“I mean you can see our confidence level is pretty low right now because of the way we’re playing,” Gafford said. The last game we played with some fight but we didn’t play with that much fight that we needed. Our confidence level is going to get back up but we’ve just got to come out and play the basketball that we played at the beginning of the year. The main thing I could have (done to create offense), I could have just moved around more instead of just post up and have my back to the basket. I could have been setting screens, off the ball screens or ball screens for the guard. It’s just that I was standing in one spot too much during the game and I was crowding up the lane. Other guys can do basically what they do to get me open. They can screen for me. They can come off my screens and I’ll be open for that. Or they can move around and to keep the paint from being cluttered. And if I get the ball inside on the post they can just cut to the basket, find the easy lane to the hoop and get the easy layup.
“We’ve just got to protect the inside (defensively). When teams get it on the inside against us it’s automatic, and it’s like we have no resistance on the inside. Especially with big guys like me. You know I’m supposed to be blocking shots and stuff. I need to step up my defense … Like on ball-screen defense, we need to fix that also. There’s a lot of things we need to fix, and it’s a lot of things we know we need to get fixed and it’s going to be fixed. We just know it’s a process.”
Freshman guard Isaiah Joe appears to have snapped out of a shooting and scoring slump in SEC games as he had a combined 34 points on 10-of-21 shooting from 3 (47.6%) during Arkansas’s two-game road swing at Tennessee and Ole Miss last week. In the Hogs’ first three league games, Joe scored a combined 22 points on 5-of-17 from 3 (29.4%). The 6-5 Fort Smith native, who has once been named SEC Player of the Week after scoring 34 points against Florida International on Dec. 1, is second on the team in scoring (14.5 points, 10th SEC and first among SEC freshmen), first in steals (1.5, eighth SEC), and first in 3-point field goal shooting (61 makes, second SEC … and 43.6%, top 5 SEC).
Sophomore wing Mason Jones had a rough 1-of-10 shooting game for 5 points in the loss at Ole Miss after erupting for a total of 70 points in the Hogs’ previous three games. Jones is third on the team in scoring (14.4 points per game), second in rebounding (4.9), second in assists (3.2), and second in 3-point field goal shooting (makes at 38, and percentage at 35.5%). He leads the team in free throw percentage at 81.7%.
Sophomore point guard Jalen Harris leads the Hogs in assists (6.5, second SEC) but has seen his assist-to-turnover continually regress, although it remains a strong 3.7-to-1. Freshman forward Reggie Chaney had scored in double figures in back-to-back games off the bench against LSU and Tennessee, but after getting his second start of the season against Ole Miss on Saturday he struggled defensively and saw only 12 minutes of playing time.  Freshman guard Keyshawn Embery-Simpson had a career-high 16 points in 20 minutes off the bench against Ole Miss.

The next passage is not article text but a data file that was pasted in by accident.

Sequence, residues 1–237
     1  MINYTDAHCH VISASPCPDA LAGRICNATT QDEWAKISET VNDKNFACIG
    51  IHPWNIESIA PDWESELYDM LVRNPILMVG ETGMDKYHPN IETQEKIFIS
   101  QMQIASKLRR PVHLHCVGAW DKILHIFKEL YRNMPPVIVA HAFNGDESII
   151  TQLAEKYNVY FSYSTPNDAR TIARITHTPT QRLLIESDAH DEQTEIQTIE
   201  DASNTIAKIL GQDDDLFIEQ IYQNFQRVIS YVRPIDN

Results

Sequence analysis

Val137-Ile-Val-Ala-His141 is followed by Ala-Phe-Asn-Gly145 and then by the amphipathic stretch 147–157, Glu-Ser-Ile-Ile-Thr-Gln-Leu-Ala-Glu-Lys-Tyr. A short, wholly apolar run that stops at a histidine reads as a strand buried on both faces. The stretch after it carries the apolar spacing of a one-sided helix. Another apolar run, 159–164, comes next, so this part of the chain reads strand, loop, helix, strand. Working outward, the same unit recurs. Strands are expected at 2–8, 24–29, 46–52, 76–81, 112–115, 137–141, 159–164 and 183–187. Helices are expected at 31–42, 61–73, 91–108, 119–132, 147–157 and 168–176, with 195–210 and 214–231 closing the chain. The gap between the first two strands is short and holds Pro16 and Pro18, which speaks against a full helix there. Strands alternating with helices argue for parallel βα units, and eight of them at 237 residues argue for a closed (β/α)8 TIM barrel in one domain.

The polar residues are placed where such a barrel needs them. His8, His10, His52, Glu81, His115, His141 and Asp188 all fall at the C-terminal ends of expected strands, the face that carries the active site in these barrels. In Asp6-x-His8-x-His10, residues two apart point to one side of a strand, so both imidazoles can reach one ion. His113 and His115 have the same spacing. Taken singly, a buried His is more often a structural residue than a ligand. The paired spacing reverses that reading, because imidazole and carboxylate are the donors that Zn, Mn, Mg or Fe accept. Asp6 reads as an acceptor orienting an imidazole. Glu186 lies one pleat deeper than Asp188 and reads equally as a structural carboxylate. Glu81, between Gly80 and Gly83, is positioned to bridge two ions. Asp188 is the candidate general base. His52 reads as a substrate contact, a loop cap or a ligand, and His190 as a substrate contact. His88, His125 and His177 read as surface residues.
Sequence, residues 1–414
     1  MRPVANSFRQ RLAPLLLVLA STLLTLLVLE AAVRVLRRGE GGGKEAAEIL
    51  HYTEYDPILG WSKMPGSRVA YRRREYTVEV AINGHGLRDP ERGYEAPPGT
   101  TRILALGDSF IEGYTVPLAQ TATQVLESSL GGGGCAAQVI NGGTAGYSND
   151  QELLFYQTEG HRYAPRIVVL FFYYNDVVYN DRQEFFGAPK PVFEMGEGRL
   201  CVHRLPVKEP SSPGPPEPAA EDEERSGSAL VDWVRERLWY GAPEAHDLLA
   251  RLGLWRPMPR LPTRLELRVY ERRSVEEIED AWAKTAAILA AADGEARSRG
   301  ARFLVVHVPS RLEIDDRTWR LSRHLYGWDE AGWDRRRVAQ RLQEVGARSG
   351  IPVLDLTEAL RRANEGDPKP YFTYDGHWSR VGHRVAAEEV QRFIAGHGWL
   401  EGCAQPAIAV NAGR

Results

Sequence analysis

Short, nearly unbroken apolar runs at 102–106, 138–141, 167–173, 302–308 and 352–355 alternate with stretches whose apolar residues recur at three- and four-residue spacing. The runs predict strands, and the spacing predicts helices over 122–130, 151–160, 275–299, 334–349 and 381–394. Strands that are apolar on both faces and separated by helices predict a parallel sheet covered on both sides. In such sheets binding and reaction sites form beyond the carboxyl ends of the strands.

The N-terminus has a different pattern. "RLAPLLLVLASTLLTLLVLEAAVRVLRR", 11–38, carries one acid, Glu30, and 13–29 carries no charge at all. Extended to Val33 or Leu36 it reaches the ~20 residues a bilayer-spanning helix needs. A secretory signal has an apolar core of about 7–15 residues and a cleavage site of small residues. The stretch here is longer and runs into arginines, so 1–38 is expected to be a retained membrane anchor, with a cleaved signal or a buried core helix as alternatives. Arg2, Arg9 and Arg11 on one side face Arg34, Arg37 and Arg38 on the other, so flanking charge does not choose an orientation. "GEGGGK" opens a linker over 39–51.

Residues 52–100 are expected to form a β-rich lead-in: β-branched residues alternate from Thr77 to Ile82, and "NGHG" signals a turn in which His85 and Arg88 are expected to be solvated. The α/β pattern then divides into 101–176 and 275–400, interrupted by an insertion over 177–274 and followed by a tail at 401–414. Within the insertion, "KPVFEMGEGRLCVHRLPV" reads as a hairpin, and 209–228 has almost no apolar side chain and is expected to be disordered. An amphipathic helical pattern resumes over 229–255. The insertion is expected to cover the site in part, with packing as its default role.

Sophomore forward Gabe Osabuohien scored a career-high 13 points in 26 minutes off the bench against the Rebels. He’s ninth on the team in minutes per game (13.4), but he’s third in per-40-minute rebounding (9.7), he’s arguably the team’s best on-ball defender and leads the team in drawn charges (12), he leads all frontline players in assists (17), and he’s improving at the free throw line (47.2% on the season, but combined 8-of-11 in the last two games for 72.7%).
“I’ve talked about patience throughout this year,” Anderson said. “And even as we played in the Ole Miss game, we didn’t shoot the ball well. And then of course now it just trickles down to your defensive side. I think there are some things we’re doing well. The bright spot in that game, you look at Keyshawn Embery-Simpson: He gave us some quality minutes. I thought Gabe gave us some really good minutes. So now if you get some of those guys that are starting off to playing at the level they’re capable of playing. I think we see Isaiah is really starting to play with that pop that you’ve got to play with. I think that’s even with our team: We’ve got to play with a little bit more pop, a little more energy. We’re an energy team. Once that energy is injected from a defensive standpoint, then we’re in an attacking mode offensively as well.”
“But I think getting in the gym and continuing to work, and continuing to believe in each other. I think about these guys is continuing to believe in one another. We’ll eventually get over the hump. We’re becoming a team. There’s a learning curve. You’ve not going to see Mason Jones go 1 for 10. I mean, he was 1 for 10. And that’s one of our leading scorers in conference play. So we’ve got to have more guys click on some of the cylinders that can help us offensively. And then defensively I think we’ve really got to dig into the trenches and become one of those teams that says, ‘You know what? If we don’t score, then you don’t score.’ I think that’s got to be the mindset. Get stingy on them.”
Same as Arkansas, Missouri’s lone league win came on the road against Texas A&M. The Tigers, who lost star forward Jontay Porter prior to the start of the season, notched non-conference wins over Oregon State, Central Florida, Xavier, and Illinois. Missouri had won 6 consecutive non-conference games before opening SEC play 0-3. The Tigers are averaging 68.3 points per game on 43.6% field goals — includes an impressive 39.2% clip from 3 as a team — and 68.9% free throws. Missouri, which has nine players averaging at least 10 minutes per game, averages 34.7 rebounds and 11.4 assists per game.
Geist leads the team with 13.7 points, 4.1 rebounds, 3.2 assists, and 1.2 steals in 31.9 minutes while shooting 41.8% field goals, including 36% from 3, and 76.6% free throws. Sophomore guard Mark Smith averages 12.0 points and 5.4 rebounds while shooting 46.7% from 3 and 77.4% free throws. Tilmon averages 9.9 points and 5.9 rebounds while shooting 54.7% field goals and 70.5% free throws. Senior forward Kevin Puryear is averaging 8.7 points and 5.2 rebounds while shooting 41.2% from 3, and freshman guard Javon Pickett averages 8.3 points while shooting 37.5% from 3.
After playing Missouri, the Hogs go back on the road against No. 14 Texas Tech (15-3) on Saturday in the Big XII-SEC Challenge, then the following week it’s back home against Georgia on Tuesday, Jan. 29, before a road game against No. 25 LSU on Saturday, Feb. 2.